Figures obtained from police forces show that May is the top month for catching drink drivers, with nearly one in six stopped found to be over the limit.
This might come as a surprise, but perhaps even more surprising is how proportionately few drivers are caught drunk in December, indicating that advertising campaigns over the festive period are having an impact on public awareness.
The data, released under the Freedom of Information Act to insurer Admiral, shows that 15.1% of all drivers stopped in England and Wales over the last three years were over the limit, compared with 4.3% in December.
August and April were second and third, with 14.9% and 14.8% respectively.
Of the 27 police forces that supplied figures, Cambridgeshire (36.5%), Kent (26%) and Northamptonshire (21.6%) caught the highest percentage of offenders during May and Nottinghamshire (10.1%), Cumbria (9.6%) and North Wales (7.6%) were at the other end of the table.
So why May? Is this the point when our New Year resolutions finally cave in? Are we kidding ourselves that standing next to a BBQ and chatting with friends is the fastest way to metabolise that third, remarkably strong, Bavarian lager? Do the increasing number of hours of sunlight make 15.1% of us go giddy?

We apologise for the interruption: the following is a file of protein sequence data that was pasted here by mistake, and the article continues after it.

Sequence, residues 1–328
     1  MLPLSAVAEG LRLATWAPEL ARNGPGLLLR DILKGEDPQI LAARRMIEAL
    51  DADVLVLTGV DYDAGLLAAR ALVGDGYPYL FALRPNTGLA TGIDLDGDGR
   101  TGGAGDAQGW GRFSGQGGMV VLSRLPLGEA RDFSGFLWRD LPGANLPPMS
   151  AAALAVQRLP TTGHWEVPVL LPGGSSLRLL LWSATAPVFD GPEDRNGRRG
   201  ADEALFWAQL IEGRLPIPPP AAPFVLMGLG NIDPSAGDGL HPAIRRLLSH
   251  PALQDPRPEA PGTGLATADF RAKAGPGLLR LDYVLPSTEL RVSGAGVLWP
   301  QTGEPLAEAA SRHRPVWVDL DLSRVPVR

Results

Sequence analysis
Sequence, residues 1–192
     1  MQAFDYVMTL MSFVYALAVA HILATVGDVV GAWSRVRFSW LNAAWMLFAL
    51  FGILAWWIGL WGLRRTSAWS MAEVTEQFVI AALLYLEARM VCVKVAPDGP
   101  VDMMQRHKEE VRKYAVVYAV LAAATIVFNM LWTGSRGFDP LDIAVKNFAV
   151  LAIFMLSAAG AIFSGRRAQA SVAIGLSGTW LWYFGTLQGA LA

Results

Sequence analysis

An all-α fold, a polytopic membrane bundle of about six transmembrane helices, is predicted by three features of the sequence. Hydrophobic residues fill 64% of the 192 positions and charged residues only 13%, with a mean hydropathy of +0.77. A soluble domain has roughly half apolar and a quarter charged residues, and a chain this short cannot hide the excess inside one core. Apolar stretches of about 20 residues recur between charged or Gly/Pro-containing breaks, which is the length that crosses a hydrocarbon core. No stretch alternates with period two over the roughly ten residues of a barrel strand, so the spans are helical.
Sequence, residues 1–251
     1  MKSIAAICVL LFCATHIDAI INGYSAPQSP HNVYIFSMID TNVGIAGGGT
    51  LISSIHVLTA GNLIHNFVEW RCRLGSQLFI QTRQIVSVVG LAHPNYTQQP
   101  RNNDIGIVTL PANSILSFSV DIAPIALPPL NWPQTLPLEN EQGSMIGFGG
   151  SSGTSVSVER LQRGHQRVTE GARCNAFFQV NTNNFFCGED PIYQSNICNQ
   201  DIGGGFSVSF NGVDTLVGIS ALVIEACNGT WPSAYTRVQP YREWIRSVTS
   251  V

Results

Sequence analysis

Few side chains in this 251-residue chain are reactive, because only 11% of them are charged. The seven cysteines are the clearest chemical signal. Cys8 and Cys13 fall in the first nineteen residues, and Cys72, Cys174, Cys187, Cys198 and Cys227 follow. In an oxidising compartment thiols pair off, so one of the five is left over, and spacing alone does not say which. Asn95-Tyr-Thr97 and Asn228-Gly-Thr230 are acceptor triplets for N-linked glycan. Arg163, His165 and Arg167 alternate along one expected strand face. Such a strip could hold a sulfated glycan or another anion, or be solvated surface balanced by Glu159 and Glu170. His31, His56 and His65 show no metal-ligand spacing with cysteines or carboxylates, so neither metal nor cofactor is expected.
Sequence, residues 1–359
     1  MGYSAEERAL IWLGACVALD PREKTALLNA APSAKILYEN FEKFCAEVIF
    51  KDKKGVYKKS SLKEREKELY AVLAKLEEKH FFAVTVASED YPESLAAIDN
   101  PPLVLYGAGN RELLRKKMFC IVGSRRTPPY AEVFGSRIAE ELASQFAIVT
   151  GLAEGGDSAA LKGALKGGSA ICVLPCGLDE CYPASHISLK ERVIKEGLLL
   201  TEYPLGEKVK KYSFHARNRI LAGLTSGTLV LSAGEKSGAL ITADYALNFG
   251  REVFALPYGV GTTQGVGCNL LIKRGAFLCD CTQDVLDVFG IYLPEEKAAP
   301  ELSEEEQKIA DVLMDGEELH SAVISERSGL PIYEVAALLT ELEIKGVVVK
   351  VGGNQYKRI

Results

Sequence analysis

Probably a bit of all of that.
According to Admiral, we can’t handle spontaneity:
“In December, people are traditionally more aware of the dangers of drink-driving and plan nights out well in advance,” says a spokeswoman.
“But people may not be planning ahead over the bank holiday period in the same way that they do over the festive period.”
The drug and alcohol road safety charity DDE+ agrees: “In December there are more planned events such as Christmas dos, where people know not to take the car,” says a spokesman.
“In the summer and bank holidays that lead up to it, there are more impromptu gatherings such as barbecues, where people don’t realise how much they are drinking or how long it takes for it to leave their system.
“The morning after is often a time when people get caught out.”
As well as being a danger to others on the road, being caught over the limit can also mean up to six months in prison, an unlimited fine and a driving ban of at least one year.
Many insurers won’t insure someone with a drink-driving conviction and if they do, the increase in premiums will make 15.1% look like a tiny drop in a plastic beer glass.
If you have been charged with a drink driving offence contact our specialist motoring solicitors for advice on 0115 910 6239